The UC Davis MIND Institute Autism Center of Excellence (ACE) is one of five Centers awarded by the National Institutes of Health in 2017. This ACE, called the Center for the Development of Phenotype-Based Treatments of Autism Spectrum Disorder, aims to discover effective treatments for subgroups of children with autism. The Center starts from the premise that one treatment will not fit all children with autism. If clinically meaningful subgroups can be identified on the basis of behavioral, biological or genetic features, treatments targeted to the characteristics of the subgroup will undoubtedly be more effective. The MIND ACE is an extension of the Autism Phenome Project (APP) which, for over 10 years, has worked to define different types of autism.
The initial goals of the ACE are:
1) To test two types of treatments for anxiety in children (8-12-years old) who have a clinically significant anxiety disorder in addition to autism (Project 1);
2) To determine why children with very enlarged brains and autism have poorer outcomes than children who have more typically-sized brains (Projects 2 and 3).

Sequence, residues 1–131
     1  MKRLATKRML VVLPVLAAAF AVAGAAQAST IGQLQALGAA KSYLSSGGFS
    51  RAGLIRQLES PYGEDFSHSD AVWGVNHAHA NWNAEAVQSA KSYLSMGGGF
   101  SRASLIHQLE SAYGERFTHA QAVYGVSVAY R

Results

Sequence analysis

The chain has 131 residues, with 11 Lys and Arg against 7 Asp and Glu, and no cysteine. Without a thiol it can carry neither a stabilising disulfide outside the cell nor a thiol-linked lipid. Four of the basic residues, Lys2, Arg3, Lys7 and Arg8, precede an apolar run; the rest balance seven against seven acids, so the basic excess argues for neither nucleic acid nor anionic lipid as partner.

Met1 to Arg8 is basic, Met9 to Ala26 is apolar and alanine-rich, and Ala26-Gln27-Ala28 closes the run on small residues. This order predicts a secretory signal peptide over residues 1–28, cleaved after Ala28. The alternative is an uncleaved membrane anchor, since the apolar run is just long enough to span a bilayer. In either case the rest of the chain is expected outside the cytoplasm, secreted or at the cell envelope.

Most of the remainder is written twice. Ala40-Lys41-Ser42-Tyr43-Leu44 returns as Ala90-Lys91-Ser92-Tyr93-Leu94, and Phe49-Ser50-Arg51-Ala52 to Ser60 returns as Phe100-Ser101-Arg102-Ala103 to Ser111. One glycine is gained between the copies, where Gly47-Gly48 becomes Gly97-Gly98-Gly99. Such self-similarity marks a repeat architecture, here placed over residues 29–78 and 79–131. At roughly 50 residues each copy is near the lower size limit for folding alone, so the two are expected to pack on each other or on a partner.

The long-term goal of these projects is to develop more effective treatments for this group of children who are currently not benefitting optimally from available therapies.
During the course of ACE operations, investigators will continue to define other autism subtypes and explore targeted treatments for these.
The overall structure of the MIND ACE is:
This research is supported by an Autism Center of Excellence grant awarded by the National Institute of Child Health and Development (NICHD) (P50 HD093079).
The Autism Center of Excellence embraces the concept of neurodiversity and welcomes autistic individuals as collaborators, students and staff members.